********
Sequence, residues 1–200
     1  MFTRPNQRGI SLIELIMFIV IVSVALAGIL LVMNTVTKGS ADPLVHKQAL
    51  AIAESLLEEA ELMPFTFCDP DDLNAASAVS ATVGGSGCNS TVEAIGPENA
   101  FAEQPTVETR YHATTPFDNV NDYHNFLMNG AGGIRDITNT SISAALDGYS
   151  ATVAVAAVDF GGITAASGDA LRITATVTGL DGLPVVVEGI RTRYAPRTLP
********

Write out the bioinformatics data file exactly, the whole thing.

Sequence, residues 1–200
     1  MFTRPNQRGI SLIELIMFIV IVSVALAGIL LVMNTVTKGS ADPLVHKQAL
    51  AIAESLLEEA ELMPFTFCDP DDLNAASAVS ATVGGSGCNS TVEAIGPENA
   101  FAEQPTVETR YHATTPFDNV NDYHNFLMNG AGGIRDITNT SISAALDGYS
   151  ATVAVAAVDF GGITAASGDA LRITATVTGL DGLPVVVEGI RTRYAPRTLP